N.C. BOARD OF ELECTIONS


11/22/2019 8:07am

A recount completed on Thursday, Nov. 21, 2019 officially confirmed UNC senior Tai Huynh has taken incumbent Nancy Oates' seat in the race for Chapel Hill Town Council. 

After a recount, Oates is out, Huynh is in

Per Orange County election law, non-prevailing candidates within one percent may request a recount after results are certified at the Board of Elections’ canvas meeting. After requesting a recount of the Chapel Hill Town Council race, incumbent Nancy Oates will finish her term on Dec. 4, and UNC student Tai Huynh will join the Council.


11/15/2019 1:00pm

Chapel Hill Town Council candidate Tai Huynh (far right) speaks at the UNC Young Democrats' Local Candidates Panel in Manning Hall on Tuesday, Oct. 8, 2019. Also pictured are council candidates Jessica Anderson (far left), Nancy Oates (center left), and Renuka Soll (center right).

Oates to request recount in Chapel Hill Town Council race

Incumbent Chapel Hill Town Council candidate said she will request the Orange County Board of Elections conduct a recount. The Board met Friday for their canvas meeting to certify the results of the Nov. 5 municipal and school board elections. Three candidates — Oates and challengers Sue Hunter and Tai Huynh — stood at around 13 percent of the vote after certification. The recount will be conducted next Thursday.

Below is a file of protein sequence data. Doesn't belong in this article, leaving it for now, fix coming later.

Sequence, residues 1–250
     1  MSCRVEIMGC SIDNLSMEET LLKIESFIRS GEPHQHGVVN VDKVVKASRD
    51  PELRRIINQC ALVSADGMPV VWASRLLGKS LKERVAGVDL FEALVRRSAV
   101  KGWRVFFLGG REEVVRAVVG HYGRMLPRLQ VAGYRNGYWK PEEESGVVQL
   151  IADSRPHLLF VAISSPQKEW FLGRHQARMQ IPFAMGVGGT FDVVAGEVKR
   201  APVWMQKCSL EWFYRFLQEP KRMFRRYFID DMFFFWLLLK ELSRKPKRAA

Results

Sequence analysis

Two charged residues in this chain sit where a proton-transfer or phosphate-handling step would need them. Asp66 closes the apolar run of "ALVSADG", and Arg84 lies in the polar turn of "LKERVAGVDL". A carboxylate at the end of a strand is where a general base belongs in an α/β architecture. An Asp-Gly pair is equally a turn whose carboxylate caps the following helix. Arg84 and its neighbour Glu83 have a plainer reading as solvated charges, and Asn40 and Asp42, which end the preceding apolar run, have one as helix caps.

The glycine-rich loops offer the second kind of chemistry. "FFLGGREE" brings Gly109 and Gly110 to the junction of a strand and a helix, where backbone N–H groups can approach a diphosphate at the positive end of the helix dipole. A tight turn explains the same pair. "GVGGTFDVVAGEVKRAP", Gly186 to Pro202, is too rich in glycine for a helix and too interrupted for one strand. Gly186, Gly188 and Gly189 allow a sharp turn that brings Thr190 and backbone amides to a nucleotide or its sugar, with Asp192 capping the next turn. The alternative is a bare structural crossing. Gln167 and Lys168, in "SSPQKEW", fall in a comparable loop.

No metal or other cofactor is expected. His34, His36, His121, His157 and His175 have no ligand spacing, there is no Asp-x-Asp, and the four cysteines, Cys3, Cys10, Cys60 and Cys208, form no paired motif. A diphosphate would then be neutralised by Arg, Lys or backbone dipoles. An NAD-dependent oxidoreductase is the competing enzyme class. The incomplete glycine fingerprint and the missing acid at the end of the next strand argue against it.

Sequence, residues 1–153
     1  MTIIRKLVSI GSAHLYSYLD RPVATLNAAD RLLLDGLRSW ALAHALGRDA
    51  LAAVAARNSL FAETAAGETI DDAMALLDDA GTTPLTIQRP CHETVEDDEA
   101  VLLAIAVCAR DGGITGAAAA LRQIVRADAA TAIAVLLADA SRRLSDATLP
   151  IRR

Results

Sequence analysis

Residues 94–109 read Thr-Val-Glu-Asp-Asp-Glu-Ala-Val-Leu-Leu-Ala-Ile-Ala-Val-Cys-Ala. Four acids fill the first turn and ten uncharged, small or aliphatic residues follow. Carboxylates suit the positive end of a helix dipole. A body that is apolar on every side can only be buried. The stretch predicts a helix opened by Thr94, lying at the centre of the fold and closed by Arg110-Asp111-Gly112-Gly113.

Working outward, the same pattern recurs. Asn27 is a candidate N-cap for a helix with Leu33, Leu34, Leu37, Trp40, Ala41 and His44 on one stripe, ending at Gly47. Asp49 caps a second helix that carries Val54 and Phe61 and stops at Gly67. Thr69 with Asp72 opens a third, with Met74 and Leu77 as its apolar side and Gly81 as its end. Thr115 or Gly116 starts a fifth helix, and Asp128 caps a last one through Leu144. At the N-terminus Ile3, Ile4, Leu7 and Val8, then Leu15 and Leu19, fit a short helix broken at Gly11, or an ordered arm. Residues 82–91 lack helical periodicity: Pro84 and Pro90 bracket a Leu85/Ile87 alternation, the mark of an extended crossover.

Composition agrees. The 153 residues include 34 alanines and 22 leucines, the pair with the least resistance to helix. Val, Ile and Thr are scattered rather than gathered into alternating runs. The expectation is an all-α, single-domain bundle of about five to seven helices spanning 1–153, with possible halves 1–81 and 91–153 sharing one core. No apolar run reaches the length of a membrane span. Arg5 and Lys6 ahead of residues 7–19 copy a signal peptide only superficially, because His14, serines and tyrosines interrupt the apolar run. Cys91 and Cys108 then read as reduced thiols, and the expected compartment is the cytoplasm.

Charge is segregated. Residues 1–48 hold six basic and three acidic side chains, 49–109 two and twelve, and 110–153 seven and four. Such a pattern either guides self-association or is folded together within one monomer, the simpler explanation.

11/6/2019 8:11pm

UNC student and Chapel Hill Town Council candidate Tai Huynh celebrates at a local election watch party on Tuesday, Nov. 5, 2019.

Here's why voter turnout for this year's local election fell since 2018

Voting turnout is always high during state and national elections, but the elections where voter turnout arguably matters most — local elections — often suffer.  This was the case during the Orange County elections, where turnout dropped dramatically this year. Considering the predicted upset for Chapel Hill Town Council, the election could have very easily gone another way if more people had voted. What is the reason for the low turnout?


10/15/2019 9:53pm

local campaign finances graphic-01.png

How much money have the candidates in Chapel Hill-Carrboro races spent?

As the Nov. 5 elections approach, candidates have been campaigning hard, going to events on UNC's campus, in churches and other community spaces. Besides what a candidate believes and advocates, there is one other thing the public wonders: how much did their campaign cost and raise? The numbers vary widely across the Chapel Hill-Carrboro races, and they've changed a lot since last year. “Some state and local campaigns don't cost a lot,” Suzanne Globetti, a teaching associate professor of political science at UNC, said. “Others, especially those that rely on television for campaign advertising, end up spending quite a lot.”